In the March 6, 1979, session of the Governing Body, the same arguments against publishing anything were advanced — that it would lay the organization open to further criticism from opposers, that at this late date there was no need to make an apology, that nothing really would be accomplished by it. However, even those so arguing were less adamant than in previous sessions. This was because of one factor in particular: the worldwide figures had registered serious drops for two years.
The yearly reports reveal the following:
|Year||Total Number Reporting Activity||% Increase Over Previous Year|
This drop, more than any other factor, seemed to carry weight with the Governing Body members. There was a vote of 15 to 3 in favor of a statement making at least some acknowledgement of the organization’s share in the responsibility for the error. This was published in the March 15, 1980, Watchtower.
It had taken nearly four years for the organization through its administration finally to admit it had been wrong, had, for an entire decade, built up false hopes. Not that a statement so candid, though true, could be made. Whatever was written had to be acceptable to the Body as a whole for publishing. I know, because I was assigned to write the statement and, as in similar cases before, I had to be governed by — not what I would have liked to say or even what I thought the brothers needed to hear — but by what could be said that would have some hope of approval by two-thirds of the Governing Body when submitted to them.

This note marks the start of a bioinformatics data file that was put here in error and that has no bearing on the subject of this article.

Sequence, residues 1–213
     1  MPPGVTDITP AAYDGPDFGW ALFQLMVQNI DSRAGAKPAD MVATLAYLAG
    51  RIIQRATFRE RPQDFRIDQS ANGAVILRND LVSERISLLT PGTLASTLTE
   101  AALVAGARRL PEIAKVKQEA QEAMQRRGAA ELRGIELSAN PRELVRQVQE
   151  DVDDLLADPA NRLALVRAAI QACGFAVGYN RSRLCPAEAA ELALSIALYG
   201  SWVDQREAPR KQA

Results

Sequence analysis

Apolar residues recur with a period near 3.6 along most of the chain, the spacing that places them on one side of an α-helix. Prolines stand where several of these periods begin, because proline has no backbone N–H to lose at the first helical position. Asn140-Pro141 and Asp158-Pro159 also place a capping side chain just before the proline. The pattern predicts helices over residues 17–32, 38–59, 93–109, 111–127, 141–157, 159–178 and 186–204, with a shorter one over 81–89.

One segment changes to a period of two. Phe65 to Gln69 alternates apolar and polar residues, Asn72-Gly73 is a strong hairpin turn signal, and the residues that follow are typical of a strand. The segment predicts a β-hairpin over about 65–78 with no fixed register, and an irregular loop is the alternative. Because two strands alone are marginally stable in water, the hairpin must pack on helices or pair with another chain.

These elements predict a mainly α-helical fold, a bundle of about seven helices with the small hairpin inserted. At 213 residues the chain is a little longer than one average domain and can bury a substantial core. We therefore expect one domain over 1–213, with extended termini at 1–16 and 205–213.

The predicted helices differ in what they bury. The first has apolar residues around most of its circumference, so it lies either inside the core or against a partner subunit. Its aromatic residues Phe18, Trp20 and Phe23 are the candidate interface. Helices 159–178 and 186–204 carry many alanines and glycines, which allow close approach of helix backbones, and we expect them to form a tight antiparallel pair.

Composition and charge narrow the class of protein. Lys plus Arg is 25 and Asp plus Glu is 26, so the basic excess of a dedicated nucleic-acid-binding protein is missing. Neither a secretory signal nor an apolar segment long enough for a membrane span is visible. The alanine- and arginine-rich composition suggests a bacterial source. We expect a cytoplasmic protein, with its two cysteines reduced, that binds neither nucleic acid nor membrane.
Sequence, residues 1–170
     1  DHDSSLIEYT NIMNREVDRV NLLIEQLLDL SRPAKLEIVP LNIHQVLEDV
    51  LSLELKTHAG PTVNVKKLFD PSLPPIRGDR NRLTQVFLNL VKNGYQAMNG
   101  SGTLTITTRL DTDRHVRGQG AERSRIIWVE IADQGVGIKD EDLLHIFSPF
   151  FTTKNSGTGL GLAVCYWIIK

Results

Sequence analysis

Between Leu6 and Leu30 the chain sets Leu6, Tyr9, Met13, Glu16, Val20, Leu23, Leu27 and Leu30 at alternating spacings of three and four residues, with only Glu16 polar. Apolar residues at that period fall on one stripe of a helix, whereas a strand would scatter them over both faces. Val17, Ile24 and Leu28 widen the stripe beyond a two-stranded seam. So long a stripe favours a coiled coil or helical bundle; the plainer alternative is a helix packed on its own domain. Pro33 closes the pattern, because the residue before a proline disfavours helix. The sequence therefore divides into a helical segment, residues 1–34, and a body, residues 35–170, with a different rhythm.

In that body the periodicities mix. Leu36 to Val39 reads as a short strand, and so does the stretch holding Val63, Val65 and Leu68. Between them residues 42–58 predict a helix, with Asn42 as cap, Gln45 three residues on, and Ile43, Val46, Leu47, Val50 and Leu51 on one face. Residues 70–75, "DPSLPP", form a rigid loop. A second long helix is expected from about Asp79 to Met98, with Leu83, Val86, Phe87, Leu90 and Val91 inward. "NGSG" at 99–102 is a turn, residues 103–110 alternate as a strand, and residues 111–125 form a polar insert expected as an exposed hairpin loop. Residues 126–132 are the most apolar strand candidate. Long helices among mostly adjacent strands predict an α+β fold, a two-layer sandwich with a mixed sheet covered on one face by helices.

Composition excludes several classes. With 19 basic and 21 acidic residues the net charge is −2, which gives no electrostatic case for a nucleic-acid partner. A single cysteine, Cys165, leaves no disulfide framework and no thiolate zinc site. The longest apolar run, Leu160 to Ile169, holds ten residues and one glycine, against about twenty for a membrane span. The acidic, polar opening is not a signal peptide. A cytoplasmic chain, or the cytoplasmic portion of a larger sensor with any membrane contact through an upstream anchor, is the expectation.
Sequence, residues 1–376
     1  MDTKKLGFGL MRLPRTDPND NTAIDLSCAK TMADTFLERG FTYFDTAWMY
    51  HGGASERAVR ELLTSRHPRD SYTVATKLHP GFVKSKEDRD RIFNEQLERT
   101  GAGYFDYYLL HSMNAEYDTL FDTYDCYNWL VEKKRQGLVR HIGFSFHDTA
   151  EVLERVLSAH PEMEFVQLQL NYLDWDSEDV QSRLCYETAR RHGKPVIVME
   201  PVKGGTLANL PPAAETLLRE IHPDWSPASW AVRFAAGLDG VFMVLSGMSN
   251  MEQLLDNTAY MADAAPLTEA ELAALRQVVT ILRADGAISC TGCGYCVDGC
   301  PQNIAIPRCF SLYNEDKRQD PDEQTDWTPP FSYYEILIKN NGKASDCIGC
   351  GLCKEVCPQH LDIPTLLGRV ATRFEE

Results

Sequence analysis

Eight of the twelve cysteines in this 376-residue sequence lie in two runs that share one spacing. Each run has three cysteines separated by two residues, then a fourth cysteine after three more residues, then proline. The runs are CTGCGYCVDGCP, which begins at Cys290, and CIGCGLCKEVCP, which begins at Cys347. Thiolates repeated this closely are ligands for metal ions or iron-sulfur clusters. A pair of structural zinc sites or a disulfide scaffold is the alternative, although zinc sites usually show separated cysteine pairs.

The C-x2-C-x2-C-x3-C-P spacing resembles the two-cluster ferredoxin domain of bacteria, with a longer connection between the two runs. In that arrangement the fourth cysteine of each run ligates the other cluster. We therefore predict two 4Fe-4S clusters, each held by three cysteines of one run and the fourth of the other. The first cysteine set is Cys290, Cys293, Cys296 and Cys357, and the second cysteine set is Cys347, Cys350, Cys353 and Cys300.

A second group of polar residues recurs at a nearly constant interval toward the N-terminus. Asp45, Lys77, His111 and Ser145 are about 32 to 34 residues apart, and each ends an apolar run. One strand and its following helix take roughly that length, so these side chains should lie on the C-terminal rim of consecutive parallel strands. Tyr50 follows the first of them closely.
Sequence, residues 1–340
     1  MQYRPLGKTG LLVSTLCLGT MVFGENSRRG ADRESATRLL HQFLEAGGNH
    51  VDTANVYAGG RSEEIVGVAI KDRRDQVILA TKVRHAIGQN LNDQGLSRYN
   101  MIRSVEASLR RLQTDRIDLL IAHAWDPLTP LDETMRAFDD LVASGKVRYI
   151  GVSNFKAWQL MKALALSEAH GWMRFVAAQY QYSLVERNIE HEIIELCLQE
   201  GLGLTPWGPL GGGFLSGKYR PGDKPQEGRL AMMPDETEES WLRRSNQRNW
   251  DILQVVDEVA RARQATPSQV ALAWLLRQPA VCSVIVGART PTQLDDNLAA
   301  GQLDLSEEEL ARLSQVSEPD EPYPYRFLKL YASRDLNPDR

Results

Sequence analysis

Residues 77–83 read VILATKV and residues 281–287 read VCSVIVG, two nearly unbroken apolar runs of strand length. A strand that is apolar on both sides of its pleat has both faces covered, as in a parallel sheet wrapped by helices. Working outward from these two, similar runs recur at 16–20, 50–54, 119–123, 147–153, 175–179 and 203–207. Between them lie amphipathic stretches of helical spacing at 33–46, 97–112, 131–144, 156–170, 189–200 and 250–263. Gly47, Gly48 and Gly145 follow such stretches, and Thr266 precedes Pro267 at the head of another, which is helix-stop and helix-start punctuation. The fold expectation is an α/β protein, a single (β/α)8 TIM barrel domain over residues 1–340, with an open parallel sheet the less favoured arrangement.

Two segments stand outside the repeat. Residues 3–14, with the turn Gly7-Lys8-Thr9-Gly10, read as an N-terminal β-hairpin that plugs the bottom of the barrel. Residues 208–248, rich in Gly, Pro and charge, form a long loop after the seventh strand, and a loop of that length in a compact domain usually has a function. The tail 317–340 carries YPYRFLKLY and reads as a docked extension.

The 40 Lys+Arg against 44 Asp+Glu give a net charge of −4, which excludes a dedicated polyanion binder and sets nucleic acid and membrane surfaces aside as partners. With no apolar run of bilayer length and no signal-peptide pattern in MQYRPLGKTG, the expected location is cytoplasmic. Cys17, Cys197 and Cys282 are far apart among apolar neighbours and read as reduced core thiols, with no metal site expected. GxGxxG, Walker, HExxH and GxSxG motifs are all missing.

Today, all the decade-long buildup of hopes centered on 1975 is discounted as to being of any particular importance. The essence of Russell’s word in 1916 is once again expressed by the organization: It “certainly did have a very stimulating and sanctifying effect upon thousands, all of whom can praise the Lord — even for the mistake.”
1 – The Watch Tower’s history book, in a footnote, cites as evidence of other cautionary material certain publications. Only one of them appeared in the 1960s. (the May 1, 1968, Watchtower), and, as was true in the case of other cautionary statements involving earlier predictions, the two others were published as 1975 was already imminent or present (the June 15, 1974, and May 1, 1975, issues of the Watchtower). The footnote then goes back before the release of the book announcing 1975 and quotes from the 1963 book All Scripture Is Inspired and Beneficial, which states: “It does no good to use Bible chronology for speculating on dates that are still future in the stream of time. — Matt. 24:36.” It does not explain why the author of the book pointing to 1975 in connection with the start of the millennium so obviously failed to follow the principle set out three years before.
2 – This same material also appeared in the October 15, 1969, Watchtower. The 1930-1985 Index to Watch Tower Publications, however, does not list it under the heading “1975” simply ignoring it despite its strong focus on that date.
3 – It is true that (on page 25 of the booklet) the less specific phrase “the mid-seventies” is used, but the year 1975 had already been presented as a biblically marked date and that date was now firmly imprinted on the minds of all of Jehovah’s Witnesses earth wide.
4 – Quoted from Matthew 24:36, 42, 44; Mark 13:33; Acts 1:7.
5 – This was in the session of February 19, 1975.
6 – See the Watchtower, May 1, 1975.